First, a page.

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Why Nice People Make More Money

Why Nice People Make More Money

When people envision the quintessential rich businessperson, it likely conjures the images of individuals like Donald Trump, Gordon Gekko and the Koch Brothers.

Simply put, a lot of people probably assume that if you’re rich and in business, it’s because you were a ruthless assh*le who stepped on countless people to get where you are.

The presumption is that individuals like this are cold-hearted sociopaths who care more about money than other human beings.

Yet, as it turns out, being cognizant of other people’s feelings will actually make you richer in the long run.

Emotional Intelligence Leads To A Bigger Paycheck

A new paper in the Journal of Organizational Behavior has revealed that people who are adept at perceiving other people’s emotions are more likely to have a bigger paycheck.

In essence, being emotionally intelligent can help you make the big bucks.

The research for the paper was conducted by a team at the University of Bonn in Germany. They conducted a study in which volunteers were asked the identify the emotions being exhibited in a series of images and voice recordings.

Gerhard Blickle, the lead author of the report, stated:

On average, the participants succeeded in 77 percent of the cases.

People who succeeded in 87 percent of the cases were considered to be good, and people who succeeded in more than 90 percent of the cases were considered really good.

Those below 60 percent, in contrast, were seen as not so good in recognizing emotions.

Blickle and the other researches also questioned the volunteers about their professions and income. What they found was quite interesting. The individuals who did better on the test also made significantly more money than the volunteers who scored poorly.

Not surprisingly, those who scored higher were also rated as more socially skilled by their colleagues and supervisors.

This all makes a lot of sense when you take a moment to think about it.

Being successful in any profession is all about cultivating relationships. It’s impossible to perpetuate a strong partnership if you’re unable to discern how someone is feeling.

Understanding how other people feel makes you a better communicator. Accordingly, it goes without saying that emotionally intelligent people are better at navigating the waters of office politics and defusing confrontations.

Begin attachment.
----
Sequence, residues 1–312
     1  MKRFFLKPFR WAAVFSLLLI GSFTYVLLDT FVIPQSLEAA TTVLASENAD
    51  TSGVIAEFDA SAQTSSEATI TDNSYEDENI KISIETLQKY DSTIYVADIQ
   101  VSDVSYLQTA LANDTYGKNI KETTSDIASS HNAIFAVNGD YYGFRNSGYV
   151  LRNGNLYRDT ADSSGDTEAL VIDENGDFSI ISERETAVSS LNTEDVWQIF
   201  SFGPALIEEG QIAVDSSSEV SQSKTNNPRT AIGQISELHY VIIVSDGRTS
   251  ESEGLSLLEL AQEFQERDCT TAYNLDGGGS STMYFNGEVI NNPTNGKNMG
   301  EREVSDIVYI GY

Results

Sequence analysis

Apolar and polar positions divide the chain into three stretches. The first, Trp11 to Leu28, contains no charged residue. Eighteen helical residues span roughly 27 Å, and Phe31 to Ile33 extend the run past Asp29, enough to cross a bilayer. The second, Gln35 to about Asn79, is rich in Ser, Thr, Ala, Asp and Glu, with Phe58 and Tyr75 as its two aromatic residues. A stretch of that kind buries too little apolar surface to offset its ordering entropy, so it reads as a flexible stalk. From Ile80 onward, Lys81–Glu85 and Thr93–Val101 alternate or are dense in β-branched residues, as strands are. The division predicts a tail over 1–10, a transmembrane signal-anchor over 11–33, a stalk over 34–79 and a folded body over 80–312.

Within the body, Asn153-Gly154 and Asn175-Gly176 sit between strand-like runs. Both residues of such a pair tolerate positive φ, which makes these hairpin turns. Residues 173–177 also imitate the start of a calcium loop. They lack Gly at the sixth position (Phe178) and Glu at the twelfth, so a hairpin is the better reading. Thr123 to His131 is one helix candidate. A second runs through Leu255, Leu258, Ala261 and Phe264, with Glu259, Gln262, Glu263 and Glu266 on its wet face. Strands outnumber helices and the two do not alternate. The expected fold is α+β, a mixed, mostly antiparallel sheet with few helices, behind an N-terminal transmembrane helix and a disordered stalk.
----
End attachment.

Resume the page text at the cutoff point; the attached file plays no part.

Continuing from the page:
Thus, if you’re a more sensitive person, and more attuned to other people’s emotions, you have a great advantage in the workplace.

Indeed, being able to read other people’s emotions is a natural skill that not all of us possess.

Sensitivity is often characterized as a weakness. In actuality, it’s a great strength. There is a large difference between being overtly emotive and emotionally intelligent.

Emotionally intelligent, or sensitive people, have a keen understanding of other people’s feelings because they are acutely aware of their own emotions. Simply put, sensitive people are often extremely self-aware.

Correspondingly, these are all qualities that strong leaders possess.

Strong Leaders Have The Natural Ability To Read People

Leaders have an innate ability to gain people’s trust. They are skilled at reading how people feel and responding in a calming manner.

Likewise, as Daniel Goleman contends for the Harvard Business Review:

While the qualities traditionally associated with leadership — such as intelligence, toughness, determination, and vision — are required for success, they are insufficient.

Truly effective leaders are also distinguished by a high degree of emotional intelligence, which includes self-awareness, self-regulation, motivation, empathy, and social skill.

Leadership requires the capacity to read and respond to the needs and desires of others, which are often dictated by emotions. If you aren’t good at discerning how people are feeling, then you probably aren’t destined to lead.

Hence, perhaps a large part of the reason that emotionally intelligent people are paid more is due to the fact that they’re natural leaders. In essence, they are more likely to get promoted because of their strong social skills.

In the words of General Douglas MacArthur:

A true leader has the confidence to stand alone, the courage to make tough decisions, and the compassion to listen to the needs of others.

He does not set out to be a leader, but becomes one by the equality of his actions and the integrity of his intent.

In other words, it takes selflessness and sensitivity to be a truly effective leader.

We live in a cynical world. Many people seem to assume that if other people are being nice to them, then they must have ulterior motives. This isn’t always the case, however.

True kindness is fostered by giving without expecting anything in return. Yet, as we’ve now revealed, it actually pays off in the long run regardless.

Nice guys (and girls) don’t finish last after all.